Cursed with an excruciatingly boisterous trailer that screams “Abandon Hope All Ye Who Enter,” the Snow White comedy Mirror, Mirror turns out to be not that terrible — or maybe it’s that the terrible first half hour wears you down so much that the rest seems relatively pleasant. The problem is that there’s a lot of competition in the “fractured fairy tale” genre these days and it’s not enough to have beloved Brothers Grimm favorites cracking wise and dropping anachronisms. There has to be a satirical point of view. There is no point of view of any kind in Mirror, Mirror. But there’s a Snow White for whom any dwarf — this one included — would die.
Her name is Lily Collins and she is the daughter of Phil. When I Googled her, the first thing that came up was “lily collins eyebrows.” Indeed: You can’t miss them. They are black and perhaps twice as thick as the eyes they o’erloom. Somehow they do not make her look like one of those scary wolf girls who are electrologists’ dreams. The full underlip draws your eyes down and balances out her face. Her skin in Mirror, Mirror is the color of the purest … you know. Her costumes, by the formidable Eiko Ishioka, are both mythical and alluring — they made me feel Jung at heart. They subtly enhance the swan in her, or not-so-subtly in the case of the swan on her head in the costume ball. Collins also has a stunt double identified as Naomi Frenette who makes Snow White’s body in motion as beautiful as her face in repose.
Snow fights, you see. Storybook heroines have to these days, even if, like Lewis Carroll’s Alice, they were formerly expected to disarm with logic. The next Snow White, to be played by Kristen Stewart, looks like she got lost on the way to the set of a Joan of Arc movie. (A friend of mine’s daughter nearly wept on seeing The Princess Bride from way back in 1987, with its storybook heroine who cowers on the sidelines while her knight takes the blows.) In Mirror, Mirror, Snow White must best her Prince Charming in a duel before she even gives him the chance to rescue her. And this being a postmodern fairy tale, she must also tell him she’s tired of stories in which damsels take their distress lying down. Fortunately, her prince, Armie Hammer, finds just the right balance between wooden handsomeness and rubber fluster. He can go either way.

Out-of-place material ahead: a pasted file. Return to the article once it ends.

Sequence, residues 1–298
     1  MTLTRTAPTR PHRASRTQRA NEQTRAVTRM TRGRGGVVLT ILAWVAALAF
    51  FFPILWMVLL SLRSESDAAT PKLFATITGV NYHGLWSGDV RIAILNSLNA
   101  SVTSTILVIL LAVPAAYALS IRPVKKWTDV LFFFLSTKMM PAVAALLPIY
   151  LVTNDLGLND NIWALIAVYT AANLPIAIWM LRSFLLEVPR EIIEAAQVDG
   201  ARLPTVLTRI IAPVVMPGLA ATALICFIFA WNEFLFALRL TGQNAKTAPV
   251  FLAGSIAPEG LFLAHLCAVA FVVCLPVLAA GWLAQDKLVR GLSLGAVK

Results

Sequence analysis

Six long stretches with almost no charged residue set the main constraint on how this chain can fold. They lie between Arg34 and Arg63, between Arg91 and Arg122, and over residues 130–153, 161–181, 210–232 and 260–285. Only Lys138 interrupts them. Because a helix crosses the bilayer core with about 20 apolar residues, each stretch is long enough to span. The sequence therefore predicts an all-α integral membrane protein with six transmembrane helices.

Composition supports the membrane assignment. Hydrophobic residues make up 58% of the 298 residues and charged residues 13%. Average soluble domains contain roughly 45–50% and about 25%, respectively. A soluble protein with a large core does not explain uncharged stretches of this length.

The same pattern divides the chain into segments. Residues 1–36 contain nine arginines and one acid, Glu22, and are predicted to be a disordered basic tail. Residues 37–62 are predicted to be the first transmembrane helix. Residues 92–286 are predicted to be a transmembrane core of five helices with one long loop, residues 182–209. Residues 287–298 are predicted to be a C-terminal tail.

The other revisionist element in Mirror, Mirror is that the seven dwarves are no longer insipid Disney sweeties but mean, muddy thieves. This makes a lot of sense but I still miss Happy, Doc, Bashful, and the rest. There’s something crisp and clean and distinct about those Disney dwarves that gets lost here amid the clutter. And there’s a lot of clutter. Director Tarsem is one of those would-be visionaries whose visions never quite coalesce and take wing.
Julia Roberts gets top billing as the wicked Queen, and her huge, histrionic performance would be funnier if she didn’t have to work so hard to convince us that she’s a huge, histrionic actress. She’s not. She’s a good, naturalistic movie star trying to parody a style of acting that she couldn’t do straight, and she’s stuck playing most of her scenes with Nathan Lane, a stage ham who cartoonishly telegraphs everything, leaving you nothing to discover. But I ended up liking her. She’s all in. The “Who’s the Fairest of Them All?” thing is uncomfortably close to the film’s subtext, with Roberts playing someone who can’t, no matter how hard she tries, be the fairest ingénue, and the actress’s realization of that is obvious and poignant. She can’t do anything with the bad lines but she can give the good ones — like her retort to the Prince’s declaration of Snow White’s incomparable beauty, “Agree to disagree” — an extra zing. She needs to be careful about her face, though. If she lets it get any thinner, her lips are going to meet in back of her head.